Women make up 70% of the global health workforce, but only 25% of global health leadership. That is primarily because midwives and nurses make up nearly 50% of the entire global health workforce, and midwives and nurses are over 90% women. Yet only 13% of CEOs in the global healthcare workforce are women. It is said that unlike other sectors, healthcare does not have a “woman problem,” rather, it has a “women in leadership” problem.
At the same time, there is a global shortage of health workers, in particular nurses and midwives, who represent more than 50% of the current shortage in health workers. And as Africa’s most populous country, Nigeria has one of the largest stocks of human resources to employ in healthcare, but it does not have enough people—women or men—working in the healthcare sector to support its population. At 1.95 per 1,000 people, Nigeria’s density of nurses, midwives and doctors is too low to deliver essential health services, which ultimately contributes to the abysmal state of its healthcare system. With the impact of coronavirus bringing global health systems to a halt, the prolonged lack of investment and systemic issues in Nigeria have compounded its vulnerabilities. This scenario makes the African continent susceptible to becoming the new epicentre of the disease.
One way I’m working on supporting confident girls is through my organisation Wellbeing for Women Africa, which amplifies the voices of young African girls, by paying a global network of Youth Partners (currently we have 63 YPs from 18 countries) microgrants to write about their perspectives on the most pressing social issues of our time. For instance one YP recently released a study called Wa Wimbi, which demonstrated evidence that regardless of the sector, women continue to face discrimination and they are unable to progress due to gender barriers. The organisation aims to give young women a platform and in that way, a seat at the decision making table to ultimately allow them control over their own future. Because we know that girls’ learned lack of confidence is a barrier to their success later in life, ensuring that girls understand that their voice is important, their viewpoints are valid and that their perspective is not just interesting but worthy of remuneration, is one small way in which we can build a pipeline of women leaders.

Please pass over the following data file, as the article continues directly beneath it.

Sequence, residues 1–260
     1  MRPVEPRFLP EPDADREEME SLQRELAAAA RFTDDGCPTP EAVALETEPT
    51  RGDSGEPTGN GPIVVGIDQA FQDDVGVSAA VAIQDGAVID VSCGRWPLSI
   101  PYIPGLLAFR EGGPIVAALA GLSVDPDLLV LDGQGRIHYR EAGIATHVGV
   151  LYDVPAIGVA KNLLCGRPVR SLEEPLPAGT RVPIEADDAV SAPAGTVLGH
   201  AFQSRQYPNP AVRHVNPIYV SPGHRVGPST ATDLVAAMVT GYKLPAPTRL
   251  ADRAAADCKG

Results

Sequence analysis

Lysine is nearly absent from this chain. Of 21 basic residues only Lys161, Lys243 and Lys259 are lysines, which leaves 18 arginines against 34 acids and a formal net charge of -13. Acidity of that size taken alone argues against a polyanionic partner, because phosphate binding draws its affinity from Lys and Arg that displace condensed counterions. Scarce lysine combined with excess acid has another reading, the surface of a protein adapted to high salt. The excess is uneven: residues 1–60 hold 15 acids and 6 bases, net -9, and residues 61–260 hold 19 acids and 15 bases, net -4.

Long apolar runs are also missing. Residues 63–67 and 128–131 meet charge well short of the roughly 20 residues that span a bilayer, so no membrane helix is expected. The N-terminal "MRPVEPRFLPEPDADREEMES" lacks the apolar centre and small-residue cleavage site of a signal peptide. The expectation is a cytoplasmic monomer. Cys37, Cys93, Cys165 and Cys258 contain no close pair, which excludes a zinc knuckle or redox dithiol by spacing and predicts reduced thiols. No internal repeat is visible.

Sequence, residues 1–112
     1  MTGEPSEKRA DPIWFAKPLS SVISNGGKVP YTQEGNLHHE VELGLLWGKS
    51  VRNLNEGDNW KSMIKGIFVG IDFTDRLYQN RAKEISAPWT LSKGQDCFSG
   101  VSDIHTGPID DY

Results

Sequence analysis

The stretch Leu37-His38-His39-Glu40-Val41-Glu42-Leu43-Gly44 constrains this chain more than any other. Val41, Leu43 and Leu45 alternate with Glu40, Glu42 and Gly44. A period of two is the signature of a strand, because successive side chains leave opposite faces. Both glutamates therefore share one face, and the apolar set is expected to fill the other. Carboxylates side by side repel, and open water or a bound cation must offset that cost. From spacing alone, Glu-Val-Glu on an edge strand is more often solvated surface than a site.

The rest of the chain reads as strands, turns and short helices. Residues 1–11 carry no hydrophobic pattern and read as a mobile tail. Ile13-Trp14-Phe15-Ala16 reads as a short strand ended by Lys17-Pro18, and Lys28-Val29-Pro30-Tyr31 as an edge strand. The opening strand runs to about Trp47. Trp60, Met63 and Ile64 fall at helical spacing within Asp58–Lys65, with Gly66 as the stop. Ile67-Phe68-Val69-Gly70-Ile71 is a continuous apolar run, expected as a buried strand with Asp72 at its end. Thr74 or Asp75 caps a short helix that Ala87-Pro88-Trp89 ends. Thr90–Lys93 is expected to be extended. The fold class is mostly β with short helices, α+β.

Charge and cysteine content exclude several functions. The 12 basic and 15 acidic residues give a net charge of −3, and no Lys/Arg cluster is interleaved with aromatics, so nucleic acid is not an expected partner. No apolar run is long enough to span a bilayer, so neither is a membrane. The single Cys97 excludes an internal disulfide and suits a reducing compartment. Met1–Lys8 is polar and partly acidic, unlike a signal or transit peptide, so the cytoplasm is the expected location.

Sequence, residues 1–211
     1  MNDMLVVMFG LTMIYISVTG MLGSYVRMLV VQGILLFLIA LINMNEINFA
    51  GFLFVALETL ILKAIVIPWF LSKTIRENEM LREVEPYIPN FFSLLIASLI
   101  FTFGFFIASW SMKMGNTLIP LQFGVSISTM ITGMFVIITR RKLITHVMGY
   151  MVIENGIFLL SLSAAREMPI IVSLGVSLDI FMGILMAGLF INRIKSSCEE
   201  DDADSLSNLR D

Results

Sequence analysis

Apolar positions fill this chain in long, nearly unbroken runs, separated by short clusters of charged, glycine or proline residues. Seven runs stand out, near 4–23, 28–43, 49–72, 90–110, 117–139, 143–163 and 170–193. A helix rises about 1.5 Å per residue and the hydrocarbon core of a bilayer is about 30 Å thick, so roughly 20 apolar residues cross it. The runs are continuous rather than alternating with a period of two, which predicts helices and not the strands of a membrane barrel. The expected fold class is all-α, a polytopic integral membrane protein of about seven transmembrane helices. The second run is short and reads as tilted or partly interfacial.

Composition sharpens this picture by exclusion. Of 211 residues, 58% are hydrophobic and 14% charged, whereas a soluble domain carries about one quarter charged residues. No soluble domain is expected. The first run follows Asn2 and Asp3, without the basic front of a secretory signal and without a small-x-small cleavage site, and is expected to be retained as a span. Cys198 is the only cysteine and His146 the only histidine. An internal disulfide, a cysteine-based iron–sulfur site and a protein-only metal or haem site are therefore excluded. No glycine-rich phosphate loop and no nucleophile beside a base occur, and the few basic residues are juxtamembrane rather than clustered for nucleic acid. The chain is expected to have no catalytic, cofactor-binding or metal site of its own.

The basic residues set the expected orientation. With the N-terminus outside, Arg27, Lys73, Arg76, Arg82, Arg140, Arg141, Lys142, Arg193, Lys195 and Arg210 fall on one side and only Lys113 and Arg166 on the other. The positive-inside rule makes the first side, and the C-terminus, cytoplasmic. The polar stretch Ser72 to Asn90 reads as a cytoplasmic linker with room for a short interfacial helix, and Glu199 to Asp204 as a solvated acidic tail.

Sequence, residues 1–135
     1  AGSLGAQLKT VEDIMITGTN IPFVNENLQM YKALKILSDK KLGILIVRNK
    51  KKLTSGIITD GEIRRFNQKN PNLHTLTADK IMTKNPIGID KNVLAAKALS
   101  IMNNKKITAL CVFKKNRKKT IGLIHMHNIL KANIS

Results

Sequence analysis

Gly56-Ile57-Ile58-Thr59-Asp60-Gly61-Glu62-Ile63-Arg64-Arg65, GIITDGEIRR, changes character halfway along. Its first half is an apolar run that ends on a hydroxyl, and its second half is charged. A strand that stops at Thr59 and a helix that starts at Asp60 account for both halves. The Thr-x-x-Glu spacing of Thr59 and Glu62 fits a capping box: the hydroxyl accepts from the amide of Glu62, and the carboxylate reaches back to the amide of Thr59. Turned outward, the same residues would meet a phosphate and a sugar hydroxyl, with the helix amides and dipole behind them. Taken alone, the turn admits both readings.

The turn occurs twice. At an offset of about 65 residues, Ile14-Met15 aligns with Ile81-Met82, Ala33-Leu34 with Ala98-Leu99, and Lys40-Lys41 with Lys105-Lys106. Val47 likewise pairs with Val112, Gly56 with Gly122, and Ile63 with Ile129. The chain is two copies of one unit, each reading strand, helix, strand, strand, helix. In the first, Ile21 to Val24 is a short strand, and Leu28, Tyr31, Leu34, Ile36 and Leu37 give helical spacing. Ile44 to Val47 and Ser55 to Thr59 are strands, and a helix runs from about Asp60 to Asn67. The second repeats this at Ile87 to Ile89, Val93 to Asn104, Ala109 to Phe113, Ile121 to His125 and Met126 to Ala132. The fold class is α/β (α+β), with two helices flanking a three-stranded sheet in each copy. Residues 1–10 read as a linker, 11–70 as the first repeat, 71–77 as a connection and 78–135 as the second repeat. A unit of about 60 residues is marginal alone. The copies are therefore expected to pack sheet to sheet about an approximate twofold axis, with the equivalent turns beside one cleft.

At the same time, there is an endless need for leaders in the public and private sectors to come together to figure out solutions for better recognition, regulation, respect and remuneration for health care workers in Nigeria in the interest of building that pipeline of healthcare workers in the country. My advocacy on this issue goes from strength to strength as Inaugural Goodwill Ambassador for the International Confederation of Midwives, to my membership of the Concordia Leadership Council, and it’s not an issue that is easily solvable or that can be explained with pithy phrases. It’s going to take international collaboration and years of governmental support to create a resilient system that can hold up over generations. One successful approach to increasing the number of midwives in our country was the Midwifery Service Scheme, established with the help of my Wellbeing Foundation Africa, which mobilizes unemployed and retired but able midwives and newly qualified graduates from Nigerian Schools of Midwifery to rural communities for one year of community service. As I recently noted, best practices identified under the scheme need to be reactivated and consolidated nationally.